New people, new places and new cultures can feel daunting if introduced all at once. College students leave their homes, move to a new place and are then surrounded by a sea of people they have never met before.
Many of these people might look, speak, act and worship differently than you.
Students come to a university understanding they will be exposed to people and cultures much different from their own.
BYU-Idaho students do not differ in this regard.
“Having grown up in an area of the world that was not at all diverse, I never fully realized the struggles many people of different ethnicities and cultures faced,” said Kaitlyn Davis, a junior studying communication. “When I moved away from home and lived with people ethnically different than me, I realized that one of the best ways to show love is to truly listen and learn from everyone‘s unique perspective.”
According to College Factual, roughly 45% of the student body at BYU-I ethnically identifies as something other than caucasian.
This percentage of ethnically diverse students creates a culture on campus of inclusivity and respect for the differences that make us who we are.
Baden Hanchett, a sophomore studying software engineering, shared an apartment with students from Columbia, South Africa and the Philippines, and has many friends from Mexico here at BYU-I. Hanchett shared his experience and what he has learned from it.
“I feel that rooming with them allowed me to become more ethnically aware and accepting,” Hanchett said. “I learned more about their cultures, and I was excited when they would share with me.”
Hanchett also shared a tip for those working on becoming more conscious of those different from themselves.
“I feel that college students could be more accepting and open with people of different ethnic backgrounds simply by asking and learning,” Hanchett said. “I also strongly encourage students to become roommates and friends with people of different cultures. It’s another way to learn and grow.”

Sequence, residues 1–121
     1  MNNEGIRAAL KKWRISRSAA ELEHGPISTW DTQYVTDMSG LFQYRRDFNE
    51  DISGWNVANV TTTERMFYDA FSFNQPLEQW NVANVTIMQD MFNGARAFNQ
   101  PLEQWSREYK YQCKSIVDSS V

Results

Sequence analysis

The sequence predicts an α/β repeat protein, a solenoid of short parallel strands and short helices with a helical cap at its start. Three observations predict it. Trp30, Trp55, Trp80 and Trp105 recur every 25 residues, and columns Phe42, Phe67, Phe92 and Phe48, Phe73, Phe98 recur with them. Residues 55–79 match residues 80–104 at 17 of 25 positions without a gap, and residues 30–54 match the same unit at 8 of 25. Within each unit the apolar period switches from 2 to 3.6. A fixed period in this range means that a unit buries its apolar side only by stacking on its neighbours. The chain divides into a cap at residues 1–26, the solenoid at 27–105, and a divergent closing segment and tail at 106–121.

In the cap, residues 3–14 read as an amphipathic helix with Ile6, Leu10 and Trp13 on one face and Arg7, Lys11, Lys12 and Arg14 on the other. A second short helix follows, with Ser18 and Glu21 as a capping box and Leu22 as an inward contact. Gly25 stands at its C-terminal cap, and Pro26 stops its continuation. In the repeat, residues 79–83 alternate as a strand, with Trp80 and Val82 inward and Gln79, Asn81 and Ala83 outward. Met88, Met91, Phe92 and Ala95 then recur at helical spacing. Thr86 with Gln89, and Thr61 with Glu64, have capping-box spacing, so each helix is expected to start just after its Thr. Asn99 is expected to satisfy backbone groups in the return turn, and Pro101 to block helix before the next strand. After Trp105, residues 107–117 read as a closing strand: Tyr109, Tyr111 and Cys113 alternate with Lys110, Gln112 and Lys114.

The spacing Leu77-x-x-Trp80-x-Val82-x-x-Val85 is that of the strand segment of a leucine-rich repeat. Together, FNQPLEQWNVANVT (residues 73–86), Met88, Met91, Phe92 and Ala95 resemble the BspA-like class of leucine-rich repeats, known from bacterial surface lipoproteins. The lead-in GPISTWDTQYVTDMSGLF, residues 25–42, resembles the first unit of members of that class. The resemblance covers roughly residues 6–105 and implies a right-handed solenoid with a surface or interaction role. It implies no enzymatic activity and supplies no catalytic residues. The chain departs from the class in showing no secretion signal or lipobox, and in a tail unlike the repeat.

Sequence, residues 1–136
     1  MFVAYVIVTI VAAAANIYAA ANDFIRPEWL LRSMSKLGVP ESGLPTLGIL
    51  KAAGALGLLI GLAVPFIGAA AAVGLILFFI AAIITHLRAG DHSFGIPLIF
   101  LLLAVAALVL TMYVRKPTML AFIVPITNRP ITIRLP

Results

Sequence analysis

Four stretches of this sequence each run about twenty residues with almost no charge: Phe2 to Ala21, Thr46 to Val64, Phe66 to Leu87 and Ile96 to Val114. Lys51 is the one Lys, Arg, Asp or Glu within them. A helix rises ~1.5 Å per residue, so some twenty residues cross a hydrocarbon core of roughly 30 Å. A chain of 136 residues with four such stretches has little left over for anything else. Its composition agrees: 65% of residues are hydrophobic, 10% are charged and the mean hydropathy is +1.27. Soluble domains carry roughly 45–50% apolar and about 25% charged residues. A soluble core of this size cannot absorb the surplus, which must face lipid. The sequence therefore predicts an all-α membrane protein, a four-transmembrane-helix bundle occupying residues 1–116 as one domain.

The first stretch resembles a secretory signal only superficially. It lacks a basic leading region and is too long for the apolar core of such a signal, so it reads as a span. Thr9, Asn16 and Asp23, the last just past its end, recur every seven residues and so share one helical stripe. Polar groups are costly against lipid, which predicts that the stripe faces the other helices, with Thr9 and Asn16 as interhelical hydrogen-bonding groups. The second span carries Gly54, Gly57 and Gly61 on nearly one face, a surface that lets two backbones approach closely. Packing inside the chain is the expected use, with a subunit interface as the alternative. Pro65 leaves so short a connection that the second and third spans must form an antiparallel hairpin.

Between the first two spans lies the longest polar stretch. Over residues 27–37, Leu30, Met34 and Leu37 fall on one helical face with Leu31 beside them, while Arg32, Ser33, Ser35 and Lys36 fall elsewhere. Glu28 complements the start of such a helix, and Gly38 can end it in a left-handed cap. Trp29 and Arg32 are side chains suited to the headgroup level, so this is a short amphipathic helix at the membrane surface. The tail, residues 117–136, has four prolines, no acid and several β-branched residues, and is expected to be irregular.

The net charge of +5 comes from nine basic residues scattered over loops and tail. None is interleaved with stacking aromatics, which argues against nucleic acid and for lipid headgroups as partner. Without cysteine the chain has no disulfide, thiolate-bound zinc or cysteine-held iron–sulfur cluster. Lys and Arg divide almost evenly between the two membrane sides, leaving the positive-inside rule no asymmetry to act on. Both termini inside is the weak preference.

College is an opportunity to leave home, learn new things and develop into the person you are meant to be. It is unlikely that you can truly figure out who you are without being exposed to the rest of the world first.
College is a great way to begin this exposure.
Allison Kao, a junior majoring in international studies, lived in an apartment with people of many different ethnicities. This helped her to stay culturally open–minded.
“Living with them really taught me the importance of keeping my eyes open and being aware of other cultures around me,” Kao said. “It made me more curious about the world and what lies outside of my own cultural bubble.”
Kao shares that with racial injustice happening all over the world, loving each other and coming together is what’s important.
“We live in a time where the color of our skin equates to the entire picture of who we are,” Kao said. “There is a wall created when we only associate others with the color of their skin.”
At a time in history that is seemingly so divisive and partisan, BYU-I students have held tight to the belief that love can bring us all together.
“As I listened and learned, I became more understanding, accepting and inclusive,” Davis said.
Learning acceptance and love in college seems to be a trend here in Rexburg.